It took several weeks to get my brain back into working order. I felt quite disappointed that the lab was still in one piece and that the project hadn't fallen apart without me--in fact things had gone exceptionally well with the agency staff that covered my maternity leave. But my colleagues were all very welcoming on my return, and very soon it felt as if I had never been away at all.
Of course there are problems associated with part-time working. Project deadlines do not change, so one tries to fit 5 days' work into three. I am better able to focus but trouble occurs when I have to leave the lab by a certain time to pick Isobel up or even drop everything at short notice if she is unwell. I have lost my flexibility to some extent to finish experiments that have overrun, or cover long days. Then I have often found myself missing out on important information because things have happened on a Thursday or Friday. By Monday, things have moved on so colleagues may forget to keep me updated, so I have to make a point of finding out if I've missed anything. It helps though that they are real team players and willing to cover when I am not in the lab.
I have occasionally experienced negative attitudes from colleagues. One is often introduced as "just working part-time." Where does the "just" come from? It's my opinion that employers actually get more out of part-time workers for each hour compared with full-time employees. Male colleagues are no worse than female. It tends to be those people who do not have children themselves who throw the odd sarcastic comment. Personally, I think much of it stems from jealousy. Most people would love to work part time, but would all of those people want to receive their salary on a pro rata basis, or do the other job of being a parent?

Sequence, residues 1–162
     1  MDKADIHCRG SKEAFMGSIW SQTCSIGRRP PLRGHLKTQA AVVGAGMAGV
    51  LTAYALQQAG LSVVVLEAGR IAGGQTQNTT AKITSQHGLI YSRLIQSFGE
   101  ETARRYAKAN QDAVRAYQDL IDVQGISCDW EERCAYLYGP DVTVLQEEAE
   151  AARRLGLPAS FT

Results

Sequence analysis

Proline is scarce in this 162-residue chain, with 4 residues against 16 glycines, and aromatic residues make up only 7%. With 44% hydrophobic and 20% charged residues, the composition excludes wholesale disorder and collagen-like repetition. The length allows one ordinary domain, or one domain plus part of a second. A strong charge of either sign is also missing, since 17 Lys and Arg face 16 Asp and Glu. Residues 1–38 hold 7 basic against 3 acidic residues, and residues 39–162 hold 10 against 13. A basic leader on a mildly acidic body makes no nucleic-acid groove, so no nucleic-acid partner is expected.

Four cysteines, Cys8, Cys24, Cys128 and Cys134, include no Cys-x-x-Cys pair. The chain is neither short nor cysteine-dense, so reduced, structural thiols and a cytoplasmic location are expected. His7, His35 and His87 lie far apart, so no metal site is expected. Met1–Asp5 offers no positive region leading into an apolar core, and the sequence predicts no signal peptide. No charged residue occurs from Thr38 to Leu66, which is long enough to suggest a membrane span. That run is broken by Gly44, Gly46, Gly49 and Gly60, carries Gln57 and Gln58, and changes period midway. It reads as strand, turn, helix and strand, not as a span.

Coping with Issy's teething has been absolute hell, and recently I've been up all night on most nights. Having to get up for a full day at work after just 3 hours of broken sleep, and no prospect of having a nap during the day, can put a strain on relationships both at home and at work.
Still, there are plenty of good things about working part time. I have 3 days of stretching my brain and being able to talk about science with other intelligent adults. I have a break from being "Mum" and can concentrate on something that is mine for 8 hours. I am maintaining my publications, so if I ever wish to return to full-time employment, my CV will not have such a glaring hole in it. Then, by Thursday, I am ready to be with Isobel and give her 100% of my energy and attention. It's almost as if I have two separate lives and, of course, there is the extra cash. There is the added cost of the childcare to factor in, but Isobel benefits from being with other adults and children--it has already made her more confident at just 18 months.
Also, I have noticed a subtle change in myself since returning to work. I used to worry about things when they went wrong, about meeting deadlines, and even occasionally lose sleep over my work. Now, I realise that my child is my priority, and everything else is insignificant. If the work is not complete in the time I have to do it, tough!